Momentum Podcast: 820
Compartmentalization Creates Competition
by Alex Charfen
You have probably been told that compartmentalizing your life will help you get more done. I know I’ve heard this over and over again. When I was younger, I heard it so often that I thought it was true.
These days, when I hear someone say that we need to compartmentalize, I cringe.
Not only is successful compartmentalization near impossible, but compartmentalization also creates unhealthy competition in our lives.
If you have been trying to compartmentalize your life, I suggest you stop.
In this episode, I share a more productive way to prioritize and achieve the outcomes that are important to you. And it won't drive you crazy the way the compartmentalization will.
Full Audio Transcript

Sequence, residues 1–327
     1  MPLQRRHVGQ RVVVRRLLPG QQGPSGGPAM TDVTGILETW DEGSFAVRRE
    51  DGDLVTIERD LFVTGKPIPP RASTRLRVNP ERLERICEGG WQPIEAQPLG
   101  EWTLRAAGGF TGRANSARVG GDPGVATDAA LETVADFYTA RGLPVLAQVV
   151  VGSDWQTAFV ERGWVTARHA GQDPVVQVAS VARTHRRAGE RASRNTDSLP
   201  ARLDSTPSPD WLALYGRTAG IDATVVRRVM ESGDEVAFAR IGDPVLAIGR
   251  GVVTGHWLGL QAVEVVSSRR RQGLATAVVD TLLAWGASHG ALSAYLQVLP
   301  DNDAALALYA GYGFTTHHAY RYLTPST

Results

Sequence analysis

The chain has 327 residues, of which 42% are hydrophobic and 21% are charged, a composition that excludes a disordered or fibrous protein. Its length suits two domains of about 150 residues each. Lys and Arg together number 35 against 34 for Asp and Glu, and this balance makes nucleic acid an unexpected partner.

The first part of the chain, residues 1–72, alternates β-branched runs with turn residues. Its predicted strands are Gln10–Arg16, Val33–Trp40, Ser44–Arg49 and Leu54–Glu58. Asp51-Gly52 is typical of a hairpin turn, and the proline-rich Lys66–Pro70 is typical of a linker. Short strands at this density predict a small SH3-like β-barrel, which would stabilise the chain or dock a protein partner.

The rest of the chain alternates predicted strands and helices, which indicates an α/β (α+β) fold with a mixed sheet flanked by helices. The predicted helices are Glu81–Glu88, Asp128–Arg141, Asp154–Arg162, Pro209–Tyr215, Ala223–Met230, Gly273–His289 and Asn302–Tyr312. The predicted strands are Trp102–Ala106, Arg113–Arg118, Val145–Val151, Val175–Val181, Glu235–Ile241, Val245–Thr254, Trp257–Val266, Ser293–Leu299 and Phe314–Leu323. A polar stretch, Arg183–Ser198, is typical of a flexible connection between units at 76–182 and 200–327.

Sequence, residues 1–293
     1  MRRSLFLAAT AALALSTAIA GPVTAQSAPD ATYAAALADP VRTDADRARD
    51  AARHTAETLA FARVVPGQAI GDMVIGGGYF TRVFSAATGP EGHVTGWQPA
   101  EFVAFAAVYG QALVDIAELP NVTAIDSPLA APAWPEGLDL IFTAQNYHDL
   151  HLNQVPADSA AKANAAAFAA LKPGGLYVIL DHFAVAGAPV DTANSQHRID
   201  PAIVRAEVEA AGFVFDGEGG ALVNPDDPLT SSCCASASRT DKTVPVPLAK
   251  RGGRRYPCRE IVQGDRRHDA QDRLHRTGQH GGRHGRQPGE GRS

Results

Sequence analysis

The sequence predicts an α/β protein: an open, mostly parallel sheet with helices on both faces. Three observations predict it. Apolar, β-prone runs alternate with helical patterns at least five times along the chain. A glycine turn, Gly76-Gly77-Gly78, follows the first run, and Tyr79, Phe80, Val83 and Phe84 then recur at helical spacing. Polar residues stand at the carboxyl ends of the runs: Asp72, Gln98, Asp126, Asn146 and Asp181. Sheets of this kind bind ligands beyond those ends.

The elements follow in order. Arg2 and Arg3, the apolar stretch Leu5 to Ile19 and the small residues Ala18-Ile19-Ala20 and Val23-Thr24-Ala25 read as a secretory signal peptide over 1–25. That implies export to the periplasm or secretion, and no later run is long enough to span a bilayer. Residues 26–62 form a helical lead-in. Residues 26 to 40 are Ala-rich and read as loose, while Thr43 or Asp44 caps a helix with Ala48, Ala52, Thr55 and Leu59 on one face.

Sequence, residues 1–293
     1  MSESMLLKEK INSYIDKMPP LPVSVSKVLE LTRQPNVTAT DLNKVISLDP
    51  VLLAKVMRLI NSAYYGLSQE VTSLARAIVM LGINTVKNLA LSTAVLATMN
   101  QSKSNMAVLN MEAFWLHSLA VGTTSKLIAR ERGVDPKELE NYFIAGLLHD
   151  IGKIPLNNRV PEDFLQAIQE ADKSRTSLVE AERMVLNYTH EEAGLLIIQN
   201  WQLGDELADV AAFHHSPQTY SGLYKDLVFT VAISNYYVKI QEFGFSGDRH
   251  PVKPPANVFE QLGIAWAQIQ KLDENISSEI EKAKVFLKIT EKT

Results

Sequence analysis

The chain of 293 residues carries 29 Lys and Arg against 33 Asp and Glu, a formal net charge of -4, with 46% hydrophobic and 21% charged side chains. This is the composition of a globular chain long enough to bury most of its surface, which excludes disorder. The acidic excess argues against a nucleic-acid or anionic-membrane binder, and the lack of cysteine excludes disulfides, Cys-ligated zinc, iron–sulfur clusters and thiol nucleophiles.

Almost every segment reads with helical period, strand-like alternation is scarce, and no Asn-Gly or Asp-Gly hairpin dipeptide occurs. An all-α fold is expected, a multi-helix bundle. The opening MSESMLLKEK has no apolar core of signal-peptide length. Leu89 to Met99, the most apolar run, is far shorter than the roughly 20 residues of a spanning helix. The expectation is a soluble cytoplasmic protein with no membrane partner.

This is the Momentum podcast. During our last Billionaire Code Summit, I got asked a really interesting question during one of our Q&A as one of our members said, Alex, how do I successfully compartmentalize? Because there's stuff that I want to do personally and there's things that I want to get done as a mom. There's things that I want to get done as a business owner, and I'm having trouble compartmentalizing and getting them all done. And I answered her pretty immediately. And then it opened up a conversation that we had for quite a while. And I think this will be insightful for you. I'm Alex Charfen and this is the Momentum podcast made for Empire Builders Game Changers, trailblazers, shot takers, record breakers, world makers and creators of all kinds. Those among us who can't turn it off and don't know why anyone would want to. We challenge complacency, destroy apathy, and we are obsessed with creating momentum so we can roll over bureaucracy and make our greatest contribution. Should we pay attention to their rules, but only so that we can bend them, break them, then rewrite them around our own will? We don't accept our destiny. We define it. We don't understand defeat because you only lose if you stop and we don't know how. While the rest of the world strives for average and clings desperately to the status quo, we are the minority. The few who are willing to hallucinate there could be a better future. And instead of just daydreaming of what could be, we endure the vulnerability and exposure it takes to make it real. We are the evolutionary hunters, clearly the most important people in the world, because entrepreneurs are the only source of consistent, positive human evolution. And we always will be. It's interesting, this podcast, this topic of compartmentalization creates competition has been tough for me to record because it feels so important. You know, sometimes I find that when I'm going to record a podcast or a record information that feels really important, it feels like it's something that I've struggled with. I tend to procrastinate because I wanted to just be perfect and I wanted to be right. And I sat down this morning when I was going through my to do list. I'm like, You know what? I just need to record this. I need to take a fresh shot at it. I need to share this information with you because I feel like it's so crucially important. You know, for most of my career, I've had people in one way or another tell me that they compartmentalize. In fact, I can remember a conversation that I had a long time ago back when Katie and I lived in Florida. This was probably 16, 17 years ago, and we were talking to another real estate investor and he had like I think, four or five kids, and he was a real estate investor and he was doing a lot of different things. And I asked him like, how do you get it all done? And he goes, That's easy. I just I compartmentalize everything. You know, when I'm at work, I'm at work when I'm at business and, you know, when I'm when I'm working as an entrepreneur, I'm working as an entrepreneur. When I'm a father, I'm a father. And I don't really think about anything else. And then, you know, when I go to church, I'm, you know, in church and I'm with the people that I'm surrounded by. And, you know, sometimes those those lines are hard to cross. You know, sometimes there's stuff that you do in business that I don't know that I would talk about in church. And I remember. Having this pain in my chest for him. Like, what do you mean? There's stuff you doing business that you wouldn't talk about in church. Like, I don't have anything that I do on business. I wouldn't talk about it in church. It was like kind of a really weird exchange, but because of the type of person I am, I'm like, Did that thing that we're told to do as entrepreneurs, like take what you think will serve you and leave everything else? And so I'm like, Okay, how do I compartmentalize? And I remember trying and failing miserably. I was really bad at compartmentalizing. And so I started to like dig into this subject and I wanted to understand this subject of compartmentalization. And it's been a quest. You know, I studied this for years. I thought about it for years. I talked to other entrepreneurs about it. I looked at successful people. And here's what I found. The more we try to compartmentalize in our lives, the more we get into a place where we create competition rather than integration, where we can create challenges for ourselves rather than making things run smoothly. And, you know, I'll go back to that conversation that we had in our event, you know, as soon as the person as soon as a member asked, you know, how do I compartmentalize? I said, you don't. And this comes from from my own experiences, comes from working with tons of wildly successful entrepreneurs. What I've observed in the people who are successful, the people who are happy, the people who are at peace with themselves, the people who actually love and care about themselves, is that they stop compartmentalizing because here's what happens. As soon as we say, I'm going to compartmentalize my business from my family, we have our business and family and competition. As soon as we say I'm going to compartmentalize my self-care and being an entrepreneur, we're now competing with ourselves for two outcomes that we want. And so compartmentalization in any way creates competition for the two things that we are separating for, the two things that we are trying to compartmentalize. And when we do that, we get into these arguments with ourselves, we get into these conflicts with ourselves. We actually and there are conflicts and arguments of our own making because we are trying to separate things. And what I shared in our event and the discussion that followed was you don't do that when you you know, when I sit down these days in the morning with my to do list, there is a ton of stuff that I want to get done every day, you know, on a daily basis. For myself personally, I want to work out, I want to pull a sled, I want to get into the cold plunge. I want to get into the sauna. I want to do qigong. I want to make sure I'm using my red line, my PM abs. There's other stuff that I do here in the house. There's all kinds of biohacking that I like to do on a daily basis. And if I tried to do all that stuff every day, that's all I would get done. And then every day that I sit down for the business, there's things that I want to do. Like right now, I'm working on scripts that we're reshooting some of our product, or we can reshoot the whole product. You know, I want to work on marketing. I want to work on a sales letter. There's things that I, I want to put my energy into, and all of those things feel really important. There's things that I want to get done. And if I was to try and separate those things and compartmentalize those things, I get into a place where I'm arguing with myself, where I'm fighting with myself. So what I do instead is I integrate, I look and I think to myself, okay, so what's the best way to do this stuff? You know, I like to walk at least a mile a day and I love to do a cold plunge because it increases dopamine. It helps me in so many different ways, makes me more grounded, more rational during the day. And so I'll get up in the morning. I go for a mile walk, I do a cold plunge, and then I go to my daily huddle and I'm refreshed. I've walked, I've moved. I'm integrating those activities so that I'm getting what I need to get done. You know, today, Katie, my wife, is integrating activities and we love to spend time with our kids and our daughter. Reagan is 15 years old and she's really interested in real estate. And so as I'm recording this podcast, Katie is at one of our properties where we're doing a remodel because we just had a tenant move out. And Reagan's there taking notes and understanding the remodel and spending time with her mom. And there's not compartmentalization that's actually integration so that we can get what we want to get done. And Katie can spend time with her, with with her, with my daughter, with our daughter and still get what she needs to get done with the property. And so on a daily basis, I sit down and I ask myself, what are the priorities for me? See that to do list for me? I don't make it to do list for being a dad and then a to do list for being a business owner and then a to do list for me and a husband and then a to do list for myself. I write down the things that I want to get done and then I prioritize them based on what can I integrate, what can I put together, what order will I do this? And that's going to work the best for me. And then that's how I get my work done. In fact, right before I started recording this podcast, I just want for an hour walk with a neighbor. You know, personal connection is so important for all of us. And my neighbor Colin is really an incredibly close friend of mine. I spend a ton of time with him compared to how much time I spend with other people. He's three houses away, so it makes it really easy. And I actually plan to do I'm like, You know what? I'll go for a walk with Collin, I'll be refreshed, I'll be able to talk, I'll be able to get some community, some connection, and then I'll come back and I'll record the podcast that I need to record. I'll write down this or I'll write out the scripts that I need to write out, and it'll actually work well for me because the timing works, right if I put it together like this and as entrepreneurs. I think this is a skill that all of us should look at and start considering, like, how do we integrate what we really want out of our lives? So we're not trying to compartmentalize. We're not creating this competition, this this struggle, this pain of our own making. And when it comes to prioritization, if you compartmentalize, here's what happens if you separate being the person in my my event, being a mom and being a business owner while. Now what happens is you have priorities as a mom, priorities as business owner. We stack those up against each other and we see what wins. And in my experience, unfortunately, most of the time for us as entrepreneurs, because there's a sense of urgency in our business that usually is greater than the sense of urgency around us. We put the time into the business. The other things that we want to do don't take time until there's an urgency created because we've been neglecting the people around us or neglecting the other things that we need to do due to time. It's the same thing with staying healthy and being a business owner. You know, I am obsessed with being healthy and it's because I was so unhealthy as a kid and I've had periods of time in my life where I was incredibly unhealthy. You know, when people look at me today, I get comments like, oh, you know, you just have great genetics and you were born with it. And you know, you're so lucky to still look like you do. That always makes me laugh inside because I have pictures of myself at 30 years old, £300, 44 inch waist that I barely could squeeze into everything. Everything that I did was hard. Everything that I did was worth going. Upstairs was a struggle. And having that time in my life where I was completely in the wrong direction showed me that I was doing something wrong. And if I really think about how I got there, it was because I was in that place of compartmentalization. I was going to have a successful business. I was going to run a successful business. I was going to do whatever it takes to have a successful company. And what ended up happening was I neglected myself. And it wasn't for a short period of time, it was four years. That's how I got into that situation. It was years of neglect. It was years of trying to compartmentalize. It was years of not integrating and instead creating competition in my life. And it almost killed me. You know, I listen to some of the entrepreneurial thought leaders out there today and they talk about, you know, get up. And before you do anything else, just go straight to work, grab a cup of coffee, sit down and start working and just push yourself on a daily basis and go as hard as you can. And that's how you're going to create success. And in a lot of ways that's true. You know, if we overclock and push ourselves and we work all day, every day, we're going to make progress in places. But we don't realize the places where we're not only not making progress, but where we're hurting ourselves. And I was guilty of that for years. And you know what? Today, I certainly don't want to sound like I have this all perfect. I still am guilty of that. Sometimes I get into rabbit holes and start neglecting other things and start not seeing other things. The good news is, is that these days it doesn't last for years. It doesn't even really last for months. Sometimes it might last for a week or more, but most of the time it's days. And then I'll say, Wait a second, I haven't done anything to take care of myself this week. I haven't done anything to keep myself healthy in the last three or four days. And there will be a day where I sit down in the morning and I plan out my day and I say, okay, I'm going to be intentional. Like, what are my real priorities today? What's most important today? And that's like going on a walk, having an hour long workout, getting in the cold plunge, getting in the sauna, making sure that I'm doing those things. You know, I jump in the sauna and I'll answer emails, so I'm integrating the two activities. I'll go on a walk and I'll listen to a podcast or listen to information or listen to a course that I'm taking. So I'm integrating the two activities, and I'm not in that place of creating competition for myself. I actually don't ask the question anymore. What should I do for my health? What should I do for my business? What should I do for as a father, as a husband, I ask myself, What are the most important things to do today and what are the most important things for me today? And I write out the list and that's what I prioritize. And I say, okay, these are the things I'm going to do and the order I'm going to do them in. And if you've been in this place of compartmentalization, you might not even know it. You know, you might not even know you were there. I know when I was younger, I didn't know I was there. I didn't know I was stuck in that place. And you also might be one of those people that for some reason, like I was, you've been convinced that compartmentalization is the way to succeed. And. For everything that I've seen, for the people that I've spent time with, for the entrepreneurs that I've helped build seven figure and eight figure and nine figure businesses and have massive exits. What I've seen over and over again is when integration is created, when we create the the ability to do the things that we need to do for ourselves, the things that we need to do for our business, the things that we do need to do for our family. And we look at those things and we prioritize them together so that we are integrating, so that we are really looking at what's most important. That's where I have made the most progress. And over and over again, that's where the most progress has been made with the people that I've worked with. And so much so that I created a system to do this. You know, I use our momentum planner on a daily basis. I sit down, I go through the process that it has. I write down the things I was grateful for the day before where I felt like I won the day before. I write down my intention for the day. I write down actually where I was uncomfortable yesterday. I write out a to do list. I prioritize that to do list. And then I take the top three and I make sure that I achieve those top three, in fact. Recording this podcast was one of my top three today. One of my top three was also parent teacher conferences. Today, Katie and I spent from about nine to noon in 15 minute parent teacher conferences on Zoom with my kids school the whole morning. And so one of my top outcomes was the podcast. One of my top outcomes was parent teacher conferences. And then the last outcome is to sit down and write the scripts that I was talking about earlier. And in looking at things as a whole, I find ways to integrate. I find ways to create benefit around those things. So today I could have worked all day and then gone out and snuck in a really quick walk. And instead I went to the parent teacher conferences this morning. I did some other things that I needed to get done. I went for a walk with my neighbor. I feel refreshed now. I actually feel better. Haven't been outside for about 45 minutes and then I come back and I record this podcast and I'm laying the day out for myself in this way so that I know that I'm getting the priorities for me as a human being done and not trying to compartmentalize the different roles that I play. It's like, what is the most important thing for me today? And so if you're an entrepreneur who is stuck in that place of compartmentalization, here's my. Challenge for you. Here's my ask for you. Here's my suggestion for you is that rather than having competing priorities in your life, sit down in the morning and ask yourself, How do I integrate these things? Sit down in the morning and ask yourself, how do I make these things benefit me? The things that I want to get done benefit me so that I'm getting the things I want to get done throughout my entire life. Not trying to create competition. Not so. I'm in a place where I do one thing, but I beat myself up because I didn't do the other thing. And I'm making progress across the board. Compartmentalization creates competition, and as entrepreneurs, we love competition. We win in the competition. And when we create it for ourselves, oftentimes we're not aware of how competitive we are with ourselves and how we're making one area of our lives the winner. And any time we create a winner, we're also making other areas of our lives the loser. And so rather than doing that, look at your life as a whole. Integrate the activities that you can ask yourself what your true priorities are, what's most important for that day? And I think you'll see a tremendous amount of momentum from approaching things this way. And if you're an entrepreneur who's interested in having a system to do this, check out our momentum planner. It is a the only the only planner system I know of that's created specifically for entrepreneurial personality types, for visionary entrepreneurs who who do have things that compete in our lives, who do have different outcomes that we want to achieve, where we are a person and we have our relationships and then we have our business, and those things can kind of sometimes become convoluted and compete with each other. This system will help you back out of that and start to achieve infinitely more on a daily basis. But what's more important, you'll actually feel the achievement. You'll see the achievement around you, you'll feel better about what you're doing. And I think that this is a huge game changer for entrepreneurs. So if you're interested in a system to do this, you know, I've given you a lot in the podcast. You don't need to have it. But if you're interested in a system that'll give you some shortcuts and give you a routine and a process to use on a daily basis, you can go to Charfen dot com my last name dot com forward slash m p s as a momentum planner system just the three letters so Charfen dot com forward slash NPS. You can read all about the momentum planning system there and it will help you eliminate the competition in your life or at least understand the competition in your life so that you better integrate and you get the things that you want to done and create momentum in your life in a way that if you've never tried this before, it might surprise you how much better things feel, and it might surprise you how much less guilty and frustrated and how much less time you take beating yourself up when you approach your life this way. As an entrepreneur, thanks for spending this time with me today. If you're interested in the momentum planner one more time, it's Charfen dot com forward slash m p s and at this podcast mean something to you. And you know an entrepreneur that should listen to this. Maybe you have a friend, maybe your spouse, maybe a relative who is in that place of compartmentalization and bring themselves up. Send this podcast to him. It may help him. I really appreciate you listening and thanks for being here with me today and I'll see you on the next episode.